There was a good range of different seminar tracks to attend, and I had trouble choosing which one I wanted to go to the most, though fortunately we were encouraged to all attend the morning Bible readings led by Vaughan Roberts, who was giving an overview of 1 Corinthians 1-7 in his sermons. 1 Corinthians is great, and a lot of the points Roberts made felt very timely for me, and for the evangelical community in Britain at the moment. He chose to focus on “True Spirituality” as a uniting theme – authentic Christianity which looks to God’s revelation, not to human wisdom, focussing on Christ’s cross. Coming up to Easter it is good to be pointed back to the cross and to be made to think about how it forms the centre of the Christian gospel, but also informs the mode of Christian living and discipleship. I’m currently studying Mark for an essay and was surprised to see how many of the themes Mark draws out are there in 1 Corinthians – the scandal of the crucified Messiah, the need for a cross-shaped life for his followers, the emphasis on service and the way in which the first become last and the last become first in Christ. A big challenge for me was how much I can value things in secular terms – things being wise on a purely human level, or impressive, or powerful, or persuasive. This is a big temptation in studying Theology – but also in being part of a church and in Christian gospel outreach. It’s a huge issue and I’d like to work out what some of the implications are for evangelism – I think what Paul is suggesting in 1 Corinthians 1:18ff. does imply that the cross needs to inform not only the content, but also the mode of our gospel proclamation.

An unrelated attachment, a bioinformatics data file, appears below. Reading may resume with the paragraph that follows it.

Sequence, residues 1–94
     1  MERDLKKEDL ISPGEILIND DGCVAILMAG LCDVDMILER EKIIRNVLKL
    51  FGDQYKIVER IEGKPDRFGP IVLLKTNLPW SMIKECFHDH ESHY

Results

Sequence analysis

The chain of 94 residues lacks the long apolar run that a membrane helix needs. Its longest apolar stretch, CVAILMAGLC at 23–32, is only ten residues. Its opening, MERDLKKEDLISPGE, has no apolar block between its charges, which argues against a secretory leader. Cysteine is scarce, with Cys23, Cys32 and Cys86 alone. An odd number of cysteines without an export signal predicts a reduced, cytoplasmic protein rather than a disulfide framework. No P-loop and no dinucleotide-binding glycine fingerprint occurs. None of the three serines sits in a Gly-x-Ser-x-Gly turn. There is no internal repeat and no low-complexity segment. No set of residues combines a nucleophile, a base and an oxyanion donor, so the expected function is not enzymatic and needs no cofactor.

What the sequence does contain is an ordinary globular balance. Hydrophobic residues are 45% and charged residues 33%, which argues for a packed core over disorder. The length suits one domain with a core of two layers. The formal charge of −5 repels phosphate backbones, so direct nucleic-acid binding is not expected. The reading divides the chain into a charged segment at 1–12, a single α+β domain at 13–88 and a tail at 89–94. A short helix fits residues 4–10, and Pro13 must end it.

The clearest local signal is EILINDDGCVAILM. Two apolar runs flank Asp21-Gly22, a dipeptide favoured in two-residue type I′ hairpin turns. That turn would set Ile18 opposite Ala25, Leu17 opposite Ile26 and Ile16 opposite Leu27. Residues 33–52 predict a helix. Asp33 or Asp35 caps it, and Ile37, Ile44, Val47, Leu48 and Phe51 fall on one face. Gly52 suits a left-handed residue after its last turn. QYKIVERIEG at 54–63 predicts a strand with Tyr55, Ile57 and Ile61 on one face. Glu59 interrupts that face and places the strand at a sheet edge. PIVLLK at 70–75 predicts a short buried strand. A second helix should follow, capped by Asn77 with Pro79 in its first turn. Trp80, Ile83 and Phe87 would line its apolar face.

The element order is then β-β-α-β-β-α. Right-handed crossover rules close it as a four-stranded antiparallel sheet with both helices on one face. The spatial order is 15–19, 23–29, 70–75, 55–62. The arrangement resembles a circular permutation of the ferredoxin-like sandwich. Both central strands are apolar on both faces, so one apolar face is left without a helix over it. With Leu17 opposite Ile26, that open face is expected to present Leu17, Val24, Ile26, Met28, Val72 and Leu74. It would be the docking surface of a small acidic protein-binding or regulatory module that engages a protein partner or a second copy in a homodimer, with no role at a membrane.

One of the things that made the conference great was the genuine Christian unity going on across many church boundaries – I met students from a number of different CUs and church backgrounds, and there was a welcome diversity in the official speakers while retaining a real heart-felt commitment to the gospel and the evangelical convictions of the sponsoring organisations. I helped organise the group from NUCU and was glad to see it wasn’t just people who had been last year who came, or people from one church only. I had worried at one point that New Word Alive could just end up being the “conservative” conference while Charismatics felt excluded and went elsewhere, but this didn’t appear to be the case. Don Carson, in his Q&A session during the week (standing room only!) alluded to the growing number of Christians who fall into both the “conservative evangelical” and “charismatic evangelical” camps like C.J. Mahaney (or, in the UK, Michael Green) – he called them “Reformed Charismatics” –  and it was good to meet a number of students who fell into this category during the week too. Carson seemed to be optimistic about the chances of inter-church cooperation in mission and service between “Reformed Charismatic” churches and the more traditionally conservative ones, which would be a welcome development. It’d be a shame if these churches were only meeting together for a week a year and not enjoying fellowship in the sense of working together for the gospel the rest of the time. Likewise for students, it’d be a shame to see interdenominational groups like the Christian Union be replaced or sidelined by competing denominational groups when there is a chance for real partnership based around unity on the essentials.